The Mighty Oak

September 18, 2016 lawanda Newspaper Columns

There are almost 100 different species of oak native to the United States. They occur naturally in all of the 48 contiguous states except, oddly, Idaho.

Probably the oak most Wisconsinites can identify is the white oak, whose leaves have the classic round-lobed shape.  The bur oak, one of the white oak group, is the most common oak native to the Midwest.  Many people also know red oak and black oak, whose leaves have sharply pointed lobes similar to those of maples.

Before people came along and covered Winnebago County with roads, parking lots, buildings and farm fields, this area was oak savanna, a lightly forested grassland where oak was the dominant tree species.  Today oak savanna is one of the rarest plant communities on earth.

Oak trees provide food for 534 species of butterflies and moths, more than any other tree.  That doesn’t even take into account the many other insects and the squirrels, chipmunks, deer, bears, turkeys, grouse and other birds that depend on oak trees to survive.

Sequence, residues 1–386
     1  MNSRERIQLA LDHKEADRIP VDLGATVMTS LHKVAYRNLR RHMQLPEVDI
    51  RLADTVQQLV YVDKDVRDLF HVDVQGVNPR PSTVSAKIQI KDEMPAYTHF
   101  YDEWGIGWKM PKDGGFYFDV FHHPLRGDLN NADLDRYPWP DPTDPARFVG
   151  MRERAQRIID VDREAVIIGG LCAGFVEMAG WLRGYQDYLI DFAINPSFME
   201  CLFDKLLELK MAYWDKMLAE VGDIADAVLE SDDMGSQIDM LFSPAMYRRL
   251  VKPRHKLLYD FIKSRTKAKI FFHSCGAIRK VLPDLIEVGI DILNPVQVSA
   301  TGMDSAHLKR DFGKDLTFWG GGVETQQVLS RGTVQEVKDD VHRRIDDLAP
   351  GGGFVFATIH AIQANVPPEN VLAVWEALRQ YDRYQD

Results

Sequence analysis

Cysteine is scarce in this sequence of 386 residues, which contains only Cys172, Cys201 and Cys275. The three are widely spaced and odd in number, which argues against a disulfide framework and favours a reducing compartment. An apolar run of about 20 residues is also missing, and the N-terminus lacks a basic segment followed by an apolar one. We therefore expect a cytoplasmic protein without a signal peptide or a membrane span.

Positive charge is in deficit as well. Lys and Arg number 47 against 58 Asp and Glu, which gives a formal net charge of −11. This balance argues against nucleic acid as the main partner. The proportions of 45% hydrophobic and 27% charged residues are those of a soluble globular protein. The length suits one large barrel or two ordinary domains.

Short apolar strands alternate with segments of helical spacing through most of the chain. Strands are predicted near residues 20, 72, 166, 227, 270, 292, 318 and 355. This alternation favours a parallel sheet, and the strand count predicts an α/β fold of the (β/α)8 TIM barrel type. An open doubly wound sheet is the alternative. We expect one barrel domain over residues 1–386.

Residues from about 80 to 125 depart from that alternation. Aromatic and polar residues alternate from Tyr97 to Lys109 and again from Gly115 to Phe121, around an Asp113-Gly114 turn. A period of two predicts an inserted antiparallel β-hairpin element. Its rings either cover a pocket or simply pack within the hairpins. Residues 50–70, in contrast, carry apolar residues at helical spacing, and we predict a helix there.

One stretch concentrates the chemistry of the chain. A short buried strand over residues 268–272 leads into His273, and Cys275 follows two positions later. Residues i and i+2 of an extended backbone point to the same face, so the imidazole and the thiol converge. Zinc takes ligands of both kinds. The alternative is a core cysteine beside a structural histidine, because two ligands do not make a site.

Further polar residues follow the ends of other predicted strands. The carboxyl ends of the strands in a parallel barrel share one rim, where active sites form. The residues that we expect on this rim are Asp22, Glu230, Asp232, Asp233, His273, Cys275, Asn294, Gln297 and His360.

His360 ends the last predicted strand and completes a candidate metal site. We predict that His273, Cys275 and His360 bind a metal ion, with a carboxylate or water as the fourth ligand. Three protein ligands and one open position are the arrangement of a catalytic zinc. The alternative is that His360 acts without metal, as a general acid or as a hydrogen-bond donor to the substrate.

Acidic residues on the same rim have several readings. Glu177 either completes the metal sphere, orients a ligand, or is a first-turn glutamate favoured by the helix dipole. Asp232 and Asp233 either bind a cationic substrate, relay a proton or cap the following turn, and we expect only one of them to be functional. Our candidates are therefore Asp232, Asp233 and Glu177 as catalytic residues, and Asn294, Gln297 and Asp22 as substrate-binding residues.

So why aren’t people planting more oaks?  The main reason is probably that they are relatively slow growing.  But so what?  They are the easiest of all the trees to plant, because you don’t have to lug a heavy tree home from the nursery, dig a big hole, heave the tree into the hole, and deal with all the other issues attendant with planting a tree.

No, all you have to do is plant an acorn.  Plant it on its side in a mostly sunny spot, about 1 ½ times as deep as the diameter of the acorn.  For example, if the acorn is an inch wide, plant it 1 ½ inches deep.  Protect the acorn from squirrels and mice by laying a piece of chicken wire over it before covering it with soil.  Water it well and wait.  It may even germinate the same fall you plant it.  For the first year, place a chicken wire cage around and over the seedling to protect it from animals.

Young oaks may be carefully transplanted, but it’s best to just decide where you want it to grow for the next several hundred years and plant the acorn in that spot.  Why not plant an oak to commemorate the birth of a child or grandchild, or to mark the occasion of a wedding or other special event?  Generations to follow can visit the mighty oak and recall stories of family long gone who cared enough to plant an oak.

 

Trees and Shrubs


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